Kitchen color combinations

Posted on March 6, 2012 at 8:22 pm by kathy Comments Off on Kitchen color combinations

Among the most commonly asked kitchen design questions are which colors and materials work best together. Let’s use three of the most popular cabinet finishes as a starting point.


Maple is a wood species, not a color, but it’s most often associated with golden- or light- to mid-brown-toned stains. These give you a ton of versatility in flooring, appliance and countertop combinations. Here are a few options to get you started.

Classic combinations: Dark gold and rich tan cabinets work well with black or stainless steel appliances and dark countertops, such as black and dark green natural or engineered stone. Select a wood or tile floor in the same gold or tan/brown family as the cabinets – but about two shades lighter or darker – to coordinate. As maple tends to have little visible grain pattern, maple can work well with vivid woods like oak or cherry.

Contemporary combinations: Dark gold and rich tan cabinets also can work well with gray counters – especially concrete or a matte-finish quartz – for a more updated look. I suggest pairing them with stainless appliances and a slate or slate-look floor. You could also opt for a bamboo in a coordinating gold or tan about a shade or two lighter than the cabinets.


Cherry is one of the most popular wood species available, and ranges in color from a natural, strawberry-blond finish to a ruby red to darker cinnamon and chocolate finishes. I have found the last two to be the most requested among my clientele, and the ones I’ve seen the most often in kitchen publications.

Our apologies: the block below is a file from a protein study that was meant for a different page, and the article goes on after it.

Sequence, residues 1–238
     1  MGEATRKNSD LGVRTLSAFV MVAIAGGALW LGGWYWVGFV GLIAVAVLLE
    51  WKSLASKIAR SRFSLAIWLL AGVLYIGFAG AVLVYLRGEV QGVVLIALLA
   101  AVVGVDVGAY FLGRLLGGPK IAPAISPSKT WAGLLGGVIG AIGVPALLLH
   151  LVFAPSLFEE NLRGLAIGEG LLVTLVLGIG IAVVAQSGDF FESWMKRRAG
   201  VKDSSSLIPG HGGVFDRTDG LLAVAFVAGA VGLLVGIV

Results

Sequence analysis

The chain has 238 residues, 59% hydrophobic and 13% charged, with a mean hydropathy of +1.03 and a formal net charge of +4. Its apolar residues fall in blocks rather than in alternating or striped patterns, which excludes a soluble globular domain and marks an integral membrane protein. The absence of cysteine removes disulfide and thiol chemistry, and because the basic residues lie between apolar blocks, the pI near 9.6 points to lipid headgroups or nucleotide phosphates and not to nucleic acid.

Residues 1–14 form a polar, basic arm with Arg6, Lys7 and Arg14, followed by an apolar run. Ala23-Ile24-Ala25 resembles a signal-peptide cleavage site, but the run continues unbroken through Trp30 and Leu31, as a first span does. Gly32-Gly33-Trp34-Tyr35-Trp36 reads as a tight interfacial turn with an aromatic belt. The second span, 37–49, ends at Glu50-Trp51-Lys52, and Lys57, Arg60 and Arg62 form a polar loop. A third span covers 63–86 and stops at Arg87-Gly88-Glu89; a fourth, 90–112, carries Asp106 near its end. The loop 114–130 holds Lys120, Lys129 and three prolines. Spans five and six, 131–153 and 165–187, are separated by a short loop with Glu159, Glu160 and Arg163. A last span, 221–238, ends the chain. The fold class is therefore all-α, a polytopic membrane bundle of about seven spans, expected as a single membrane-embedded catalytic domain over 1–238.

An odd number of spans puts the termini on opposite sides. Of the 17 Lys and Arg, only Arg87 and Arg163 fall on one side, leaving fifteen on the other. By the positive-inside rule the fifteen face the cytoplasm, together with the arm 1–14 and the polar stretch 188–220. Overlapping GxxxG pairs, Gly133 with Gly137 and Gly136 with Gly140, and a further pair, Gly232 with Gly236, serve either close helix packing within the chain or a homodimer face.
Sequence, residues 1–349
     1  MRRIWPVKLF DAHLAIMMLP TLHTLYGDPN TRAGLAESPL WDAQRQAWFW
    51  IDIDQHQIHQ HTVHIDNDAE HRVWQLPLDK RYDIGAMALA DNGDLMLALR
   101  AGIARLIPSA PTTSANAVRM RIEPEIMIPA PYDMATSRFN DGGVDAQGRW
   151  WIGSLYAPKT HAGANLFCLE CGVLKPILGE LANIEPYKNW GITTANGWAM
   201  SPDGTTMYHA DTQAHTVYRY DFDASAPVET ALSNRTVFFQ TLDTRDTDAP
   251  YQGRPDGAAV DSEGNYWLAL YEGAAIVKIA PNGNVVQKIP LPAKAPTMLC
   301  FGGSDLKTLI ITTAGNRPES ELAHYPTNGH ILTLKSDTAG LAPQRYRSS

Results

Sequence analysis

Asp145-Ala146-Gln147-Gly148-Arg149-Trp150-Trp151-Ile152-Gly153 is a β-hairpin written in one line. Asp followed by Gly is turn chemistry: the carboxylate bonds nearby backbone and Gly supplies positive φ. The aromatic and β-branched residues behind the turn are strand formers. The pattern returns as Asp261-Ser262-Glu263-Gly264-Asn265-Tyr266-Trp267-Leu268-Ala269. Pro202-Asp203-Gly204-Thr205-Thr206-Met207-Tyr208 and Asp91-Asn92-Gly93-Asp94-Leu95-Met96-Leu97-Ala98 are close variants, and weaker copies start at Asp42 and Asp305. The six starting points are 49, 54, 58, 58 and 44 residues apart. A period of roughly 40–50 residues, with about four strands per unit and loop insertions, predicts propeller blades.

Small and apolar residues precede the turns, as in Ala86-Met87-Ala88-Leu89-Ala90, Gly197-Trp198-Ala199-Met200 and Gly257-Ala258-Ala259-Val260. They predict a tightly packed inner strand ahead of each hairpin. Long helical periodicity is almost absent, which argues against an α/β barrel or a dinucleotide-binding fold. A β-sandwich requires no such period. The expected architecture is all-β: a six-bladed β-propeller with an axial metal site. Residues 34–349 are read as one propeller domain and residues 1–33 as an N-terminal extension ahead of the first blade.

Classic combinations: For an elegant look, cinnamon- and chocolate-finished cherry woods work beautifully with natural stone tops in pale golds and creams. I would pair these with paneled or stainless appliances with minimal black accents for the richest look. A light tiled floor that picks up on the gold or cream tones in the counters will work the best. Because cherry tends to have stronger graining patterns, I generally don’t love wood floors with it: The grain pattern in the cabinets and the graining of the floor can get too busy together.

Contemporary combinations: Cinnamon- and chocolate-colored cabinets paired with monochromatic white countertops give a very strong, updated look. Again, I’d opt for stainless appliances with minimal black accents, or paneled appliances, for the best match. A nearly white terrazo, tile, or stained concrete floor would complement the contemporary look.


White cabinets run the gamut from entry-level builder laminates to high-gloss European lacquers. The most common whites you’ll find are painted maple – my personal favorite – and thermofoil synthetics, which often have a bit of a plastic look to them. I would suggest the painted wood cabinets even if you’re budget-sensitive, as painted finishes have become more widely available in affordable stock cabinet lines and will give your kitchen a more timeless look.

Classic Combinations: White cabinets pair beautifully with white, paneled or stainless appliances. (You can use black with them, but then the appliances become more of a focal point than they deserve to be.) I adore white cabinets with black or dark green stone tops and mid-toned or dark-stained hardwood floors. Another stunning, albeit less neutral, pairing is blue pearl granite with creamy, ivory-colored cabinets. White marble or granite tops with white cabinets and lighter wood or stone floors is another great traditional combination.

Contemporary Combinations: High-gloss lacquer finishes in white give a sharp, contemporary look to a kitchen. They work best with paneled and stainless steel appliances, although sleek white appliances also can work. When going modern with a white kitchen, you can go bold with an orange quartz countertop or multi-colored recycled glass countertop, or go sleek with a pale gray or white material, for more of an “un-kitchen” look. You could also add stainless and glass cabinet doors and other stainless details, like legs or toekicks, for a modern look. (The trendier you go, however, the quicker your kitchen will date itself.)

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